The Last Cowgirl by Jana Richman
Reviewed by Barbara K. Richardson
The Last Cowgirl is a page-turner of a different sort. Or rather for a different audience. If you love the land, puzzle over our abuse of it, and wonder why you continue to live in (or near) Utah–the “Land of Cognitive Dissonance”–take a ride with Jana Richman. It’s a rough-and-tumble journey over desert terrain just west of the Salt Lake Valley but unknown to many. If you listen closely, you’ll hear you can’t deny the land.
Young Dickie Sinfield sets her heart against life in the rural backwater of Clayton, Utah. Her father George wants nothing more than to live a cowboy’s life, so he packs up his family of five and moves them onto a ramshackle ranch when Dickie is just eight years old. Due to a string of ranch-related accidents, Dickie sees herself as a fragile outsider in her father’s rugged life. Dickie won’t go native. But no one in her beleaguered family is better suited to the stark beauty of the Onaqui Valley—sixty miles west of Salt Lake City—than Dickie, and it’s her own self-betrayal that makes The Last Cowgirl sing.
Told in alternating present tense and flashbacks, this story works backward into your heart like cheatgrass in an unsuspecting sock. Dickie Sinfield is middle-aged, cranky, and moderately successful as a journalist in Salt Lake City when she gets news that her big brother Heber’s life was snuffed out in a nerve gas explosion at Dugway Proving Grounds. This takes a very reluctant Dickie back home.
In Clayton, we meet Bev, the strongest, wisest rancher in the valley; George, Dickie’s tough angry father; Holly, the best friend you wish you’d never had; and Stumpy, a red-headed cowboy raised by his grandpa and chock-full of the range.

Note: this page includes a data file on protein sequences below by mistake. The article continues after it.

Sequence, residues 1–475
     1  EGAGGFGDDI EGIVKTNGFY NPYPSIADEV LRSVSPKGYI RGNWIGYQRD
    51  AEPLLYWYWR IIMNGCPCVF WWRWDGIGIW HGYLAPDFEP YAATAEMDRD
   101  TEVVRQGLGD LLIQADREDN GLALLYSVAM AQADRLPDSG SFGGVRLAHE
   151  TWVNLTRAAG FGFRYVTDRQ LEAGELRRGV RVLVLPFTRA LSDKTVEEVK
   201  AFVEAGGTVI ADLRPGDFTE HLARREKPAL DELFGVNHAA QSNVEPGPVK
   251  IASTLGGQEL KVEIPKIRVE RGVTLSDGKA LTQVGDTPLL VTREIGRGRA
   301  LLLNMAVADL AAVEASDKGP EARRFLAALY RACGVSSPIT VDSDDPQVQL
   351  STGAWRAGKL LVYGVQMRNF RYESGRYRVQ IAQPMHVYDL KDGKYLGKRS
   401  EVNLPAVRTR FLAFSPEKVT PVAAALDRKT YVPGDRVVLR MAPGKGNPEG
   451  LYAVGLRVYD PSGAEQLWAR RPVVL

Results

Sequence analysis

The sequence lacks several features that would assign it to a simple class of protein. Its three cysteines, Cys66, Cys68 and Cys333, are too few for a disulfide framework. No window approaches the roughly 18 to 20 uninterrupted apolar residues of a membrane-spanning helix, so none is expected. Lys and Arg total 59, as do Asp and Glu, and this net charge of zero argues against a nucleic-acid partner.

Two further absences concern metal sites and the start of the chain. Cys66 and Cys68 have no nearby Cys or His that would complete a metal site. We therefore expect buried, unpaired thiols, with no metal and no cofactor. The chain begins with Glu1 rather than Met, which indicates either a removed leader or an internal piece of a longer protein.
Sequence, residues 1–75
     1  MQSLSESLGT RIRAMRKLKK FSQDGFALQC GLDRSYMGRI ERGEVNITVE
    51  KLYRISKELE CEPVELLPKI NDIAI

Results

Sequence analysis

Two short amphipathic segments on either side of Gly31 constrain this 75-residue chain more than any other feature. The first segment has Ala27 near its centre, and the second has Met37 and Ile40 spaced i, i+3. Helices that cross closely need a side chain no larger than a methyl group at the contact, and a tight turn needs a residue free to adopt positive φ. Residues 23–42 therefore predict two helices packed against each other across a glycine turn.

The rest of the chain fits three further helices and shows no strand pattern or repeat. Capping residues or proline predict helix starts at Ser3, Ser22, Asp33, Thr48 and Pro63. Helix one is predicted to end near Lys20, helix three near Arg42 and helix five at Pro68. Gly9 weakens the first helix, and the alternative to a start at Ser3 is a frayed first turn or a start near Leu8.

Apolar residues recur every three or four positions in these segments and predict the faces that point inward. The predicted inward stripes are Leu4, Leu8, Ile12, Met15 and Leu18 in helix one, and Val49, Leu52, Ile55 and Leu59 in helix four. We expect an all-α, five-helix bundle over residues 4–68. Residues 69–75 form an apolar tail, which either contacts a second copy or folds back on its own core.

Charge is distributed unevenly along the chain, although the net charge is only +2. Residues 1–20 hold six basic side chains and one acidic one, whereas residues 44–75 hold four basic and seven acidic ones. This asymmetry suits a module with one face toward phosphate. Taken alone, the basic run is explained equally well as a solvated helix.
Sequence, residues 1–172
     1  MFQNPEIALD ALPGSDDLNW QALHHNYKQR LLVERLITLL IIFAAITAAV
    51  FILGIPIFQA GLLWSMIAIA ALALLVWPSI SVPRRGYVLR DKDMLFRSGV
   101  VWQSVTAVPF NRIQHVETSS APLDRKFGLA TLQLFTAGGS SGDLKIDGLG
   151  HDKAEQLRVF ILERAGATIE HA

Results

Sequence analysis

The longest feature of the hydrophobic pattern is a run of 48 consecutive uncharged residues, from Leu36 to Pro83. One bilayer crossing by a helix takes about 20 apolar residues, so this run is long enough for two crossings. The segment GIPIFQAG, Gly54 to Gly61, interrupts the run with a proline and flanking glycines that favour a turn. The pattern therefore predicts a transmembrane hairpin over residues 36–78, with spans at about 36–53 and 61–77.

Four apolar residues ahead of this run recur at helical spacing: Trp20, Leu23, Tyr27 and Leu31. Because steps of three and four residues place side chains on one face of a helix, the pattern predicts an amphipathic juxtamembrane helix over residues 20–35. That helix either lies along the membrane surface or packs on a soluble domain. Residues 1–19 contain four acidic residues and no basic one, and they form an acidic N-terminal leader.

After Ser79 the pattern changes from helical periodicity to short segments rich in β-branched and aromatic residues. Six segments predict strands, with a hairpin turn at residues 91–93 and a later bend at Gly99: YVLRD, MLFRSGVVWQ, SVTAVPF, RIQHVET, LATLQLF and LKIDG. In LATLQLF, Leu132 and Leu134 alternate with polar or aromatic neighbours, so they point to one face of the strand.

It is one of the mysteries of good novels, how they won’t let you go. Won’t let you leave them sitting alone for more than a few hours, covers closed. Yes, there are times when the smart-assed closed-off Dickie makes you want to shake her, but The Last Cowgirl isn’t only her tale; Richman writes men beautifully. Richman does not flinch from exposing family conflict. She knows the secrets of a land so spare the military slaps No Trespassing signs around hundreds of thousands of acres. There are caves in the Onaqui Mountains, there are secret springs, there are wild horse herds handsome with muck and bruises.
It is one of the mysteries of human nature, that we can find our home in a place, in people, and be the last one to recognize it. Dickie Sinfield is The Last Cowgirl. Drive out past the Oquirhh Mountains to the Onaquis. Sit quietly awhile. Let the silence inform you. Then read Richman’s novel for the backstory. It’s a Utah tale very likely to grab your heart.
South Onaqui Loop: photos and hiking information click here.
BLM Onaqui Herd Management page: photos and viewing information click here.
Dugway Proving Grounds Survivors: info and news articles about chemical, biological and radioactive open air testing click here.
Barbara K. Richardson writes novels, does freelance editing, and designs landscapes in Salt Lake City, Utah. Her new book, Guest House, is long-haul novel set in Salt Lake City,Utah; Portland, Oregon; and Atomic City, Idaho. See her website at www.barbarakrichardson.com.